(11) Religious fanatics are the best musicians in the world. They are very dedicated. - the assertion that religious fanatics are very dedicated can be recognized as an argument because the claim that precedes it is so remarkable

Standpoints and Argumentation

1.4 Additional Means of Identifying Argumentation

It is in the interest of a person trying to resolve a DO that the listener be able to interpret the argumentation correctly it is the speakers intention to make the arguments recognizable as such if this intention is not clear from the verbal context, it may become clear if the broader, non-verbal context is taken into account i.e., the specific situation in which something is said and the cultural context in which it happens:

(12) a. The meeting hasnt started yet. Martin is coming down the hallway. b. Thousands of homemakers use Andy! (from an advertisement)

a. situation: Martin is chairing the meeting his not coming down the stairs counts as an

argument justifying the assertion b. without knowing that the assertion is part of an advertisement, one would not guess that the widespread use of Andy is being used as an argument for buying it

Standpoints and Argumentation

When interpreting argumentation, both general and specific background information may be important

(13) In contrast to what you claimed in Athletics Quarterly, differences in air

speed produce differences in air pressure. According to Bernouillis principle, when the speed is highest, the pressure is lowest, and viceversa. The pressure (force per unit area) on the underside of the discus is higher than that on the upper side. As a result there is a lifting force (l) which is perpendicular to the velocity vector of the discus

< discus throwing knowledge of a specific field is required for interpretation

Standpoints and Argumentation

1.5 Explanation, Elaboration, and Clarification Principle:

we must always guard against letting our opinions influence our interpretation beware of indicators: even when it seems to clearly mark something as an argument , it may still not be correct to interpret it as such

in interpreting argumentative discourse, one should start from exactly what the speaker/writer has said. Only when problems arise in the interpretation should other clues be considered.

e.g., because utterances may often give causes rather than reasons. Instead of being arguments, such utterances serve to explain, elaborate, or clarify: (14) The pudding didnt stiffen because I didnt put enough gelatin in it -whatever is being explained, elaborated on, or clarified = sth that is already accepted

Standpoints and Argumentation

whatever is being explained, elaborated on, or clarified = sth that is already accepted vs. arguments = always brought to bear on a standpoint that has not yet been accepted speakers may exploit this characteristic i.e., they may try to make their standpoint appear as a statement of fact and their argumentation, as merely an explanation, thus creating the impression that their standpoint needs no defense:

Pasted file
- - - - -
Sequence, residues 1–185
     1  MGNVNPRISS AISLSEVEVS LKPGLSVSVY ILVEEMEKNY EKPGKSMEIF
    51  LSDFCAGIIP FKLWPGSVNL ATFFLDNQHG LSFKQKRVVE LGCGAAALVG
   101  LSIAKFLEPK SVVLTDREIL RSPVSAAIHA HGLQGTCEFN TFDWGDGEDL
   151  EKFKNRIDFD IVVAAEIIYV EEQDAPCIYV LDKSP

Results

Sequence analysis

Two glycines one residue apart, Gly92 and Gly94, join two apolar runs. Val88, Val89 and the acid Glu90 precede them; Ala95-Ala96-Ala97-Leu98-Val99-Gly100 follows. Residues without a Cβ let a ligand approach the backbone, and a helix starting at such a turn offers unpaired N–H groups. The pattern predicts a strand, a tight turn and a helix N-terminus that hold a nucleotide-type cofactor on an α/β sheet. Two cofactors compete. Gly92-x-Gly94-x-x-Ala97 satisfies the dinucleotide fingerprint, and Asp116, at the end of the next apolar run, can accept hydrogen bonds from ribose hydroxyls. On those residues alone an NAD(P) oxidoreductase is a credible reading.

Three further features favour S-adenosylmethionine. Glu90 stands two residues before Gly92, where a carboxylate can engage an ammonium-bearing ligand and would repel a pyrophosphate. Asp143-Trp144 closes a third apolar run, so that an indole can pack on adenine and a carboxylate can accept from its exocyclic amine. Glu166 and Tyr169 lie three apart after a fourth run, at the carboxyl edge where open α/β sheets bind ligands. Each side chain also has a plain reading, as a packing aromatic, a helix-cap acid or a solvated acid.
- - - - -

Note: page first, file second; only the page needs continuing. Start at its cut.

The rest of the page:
(15) However painful it may be, social welfare must be cut. I shall attempt to explain that. We have been living beyond our means for many years and the high costs of the welfare state inhibit economic productivity.

on the surface, the utterance seems to serve as some sort of explanation but on closer examination, it turns out to have a justifying function and must therefore be treated as argumentation.

Principle: when in doubt, it is advisable to be cautious and to treat the explanation as argument


Standpoints and Argumentation

1.6 A Maximally Argumentative Interpretation any utterance that might be just a remark or an explanation is interpreted as argumentation being so charitable in cases where the argumentative function of an utterance is not really clear, but is nevertheless a realistic option, minimizes the risk that utterances important to the resolution of a DO will be overlooked in the analysis (16) Dutch banknotes can easily be distinguished because of the clearly legible writing on them and the different colors and sizes for different denominations. In this respect Dutch banknotes are radically different from American dollars. American banknotes are conspicuous for their very uniformity: they all have the same size, the same general appearance, the same color, and only the numbers on them indicate the difference in value. You would think that this would cause a lot of mistakes, but experience has shown that Americans do not confuse their banknotes any more than people in other countries do. (17) Youd better take an umbrella. Or do you want to get wet? the question in example (17) is absurd. Getting wet is not a realistic alternative as, generally speaking, everyone prefers not to get wet. So this cannot be viewed as an ordinary question. If one takes the speaker seriously, one must assume that the question is intended to indirectly convey something else, such as the assertion Otherwise youll get wet. or Thats the only way to keep from getting wet. in a maximally argumentative interpretation, the question is viewed as an argument for the speakers standpoint Youd better take an umbrella

Standpoints and Argumentation

A discourse may contain a question that is
seriously intended as such, but in the absence of evidence to the contrary, in a context of disagreement, the maximally argumentative interpretation should be chosen